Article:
There might be a few exceptions when a feral cat can be heard purring. On rare occasions, they might purr at the person who has been feeding or taking care of them for a long time. Still, these cats are likely to keep their distance and avoid being petted by the people they trust.
The difference between strays and ferals
If a homeless-looking cat purrs at you, it is likely a stray rather than a feral. But before you approach a poor-looking feline along the road to lend a helping hand, it is crucial to know whether it is stray or feral. More often than not, these cats tend to have contrasting traits, as summarized below.
Common traits of stray cats:
- Stray cats can tolerate human contact as they have been previously socialized before becoming homeless.
- Stray cats are often loners and will not hesitate to approach a human to beg for food.
- With patience and lots of love, stray cats can be easily tamed or re-introduced into a home.
- Similar to other domesticated cats, strays can purr, especially when they are fed. They might even purr at you when they are asking for food.
- Stray cats can revert to a wild state and become feral if they have not interacted with humans for too long.
Common traits of feral cats:
- Feral cats have never experienced human interaction.
- Feral cats usually live in colonies, although some male ferals are known to be loners and only care for their own survival.
- Unlike stray cats, you cannot tame a feral and turn it into a household pet. In fact, domesticating them can be cruel, and they are generally better off left in the wild.
- It is almost impossible to approach a feral cat; they will probably run away or hide to avoid humans.
- If you try to make friends or feed a feral cat, you might receive a hissing response instead of a purr. Most ferals never purr, even if presented with food.
Can feral cats be affectionate?
While the chances of a feral becoming affectionate are slim, it is possible for these cats to show gratitude to the people that take care of them. However, their ways of showing affection might be different from those of a typical house cat. Instead of climbing into your lap or rubbing its cheeks on your legs, a feral might show its appreciation by slowly accepting your presence instead of running away or hissing at you.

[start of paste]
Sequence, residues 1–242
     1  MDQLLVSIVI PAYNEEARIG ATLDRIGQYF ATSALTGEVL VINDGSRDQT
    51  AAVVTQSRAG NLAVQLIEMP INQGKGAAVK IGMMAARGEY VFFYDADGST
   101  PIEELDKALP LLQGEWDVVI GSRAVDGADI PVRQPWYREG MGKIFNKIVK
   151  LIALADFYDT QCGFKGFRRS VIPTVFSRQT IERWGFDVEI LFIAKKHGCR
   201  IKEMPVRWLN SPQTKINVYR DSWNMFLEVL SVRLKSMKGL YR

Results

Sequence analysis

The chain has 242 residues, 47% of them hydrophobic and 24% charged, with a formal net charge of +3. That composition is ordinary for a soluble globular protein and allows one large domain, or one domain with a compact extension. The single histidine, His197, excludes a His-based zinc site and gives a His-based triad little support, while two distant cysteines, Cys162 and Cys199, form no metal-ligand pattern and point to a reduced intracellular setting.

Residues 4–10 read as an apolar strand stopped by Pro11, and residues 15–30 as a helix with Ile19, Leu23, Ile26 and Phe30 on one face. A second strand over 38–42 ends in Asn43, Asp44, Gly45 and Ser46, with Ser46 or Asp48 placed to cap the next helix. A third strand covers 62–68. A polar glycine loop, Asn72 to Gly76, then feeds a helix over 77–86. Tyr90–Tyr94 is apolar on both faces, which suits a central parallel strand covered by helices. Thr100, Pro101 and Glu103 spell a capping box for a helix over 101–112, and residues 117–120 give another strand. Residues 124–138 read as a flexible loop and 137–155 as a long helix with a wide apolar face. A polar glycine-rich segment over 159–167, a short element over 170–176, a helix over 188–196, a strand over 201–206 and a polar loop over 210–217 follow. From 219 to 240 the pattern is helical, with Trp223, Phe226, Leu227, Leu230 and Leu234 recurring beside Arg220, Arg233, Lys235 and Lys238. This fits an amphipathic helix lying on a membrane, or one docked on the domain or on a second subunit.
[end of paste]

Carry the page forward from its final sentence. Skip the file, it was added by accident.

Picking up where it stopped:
Still, if you decide to open your heart to help a feral, a few cautions must be taken. Feral cats have different temperaments from domesticated cats, and more often than not will never become as docile or friendly as your household pets.
Can a feral kitten become a house pet?
Kittens as young as eight weeks of age can be tamed very quickly. However, the task will involve serious commitment and lots of patience. In the first few days, feral kittens might hiss and spit at you, and this is normal. Just remember that kittens react this way out of fear, not aggression.
Kittens that are about 12 weeks of age can also be domesticated, although it might take a little longer, especially if the kittens have never experienced human contact. Again, patience is key.
If you are domesticating the kittens, it is important to separate them from the feral mother as soon as they are weaned. If the kittens are taught by their mother to fear humans, then taming them will be more challenging. Also make sure they are tested for contagious diseases to prevent any potential spread to other household pets.
Cats can purr for several reasons. In most cases, you will hear this odd yet soothing sound when your feline friend is happy and relaxed. However, this might not be the case for ferals who have never experienced human touch. While experts agree that feral cats can purr, you might never get the chance to hear them, due to their strong fear or dislike of humans.
Image: istockphoto.com / Yury Karamanenko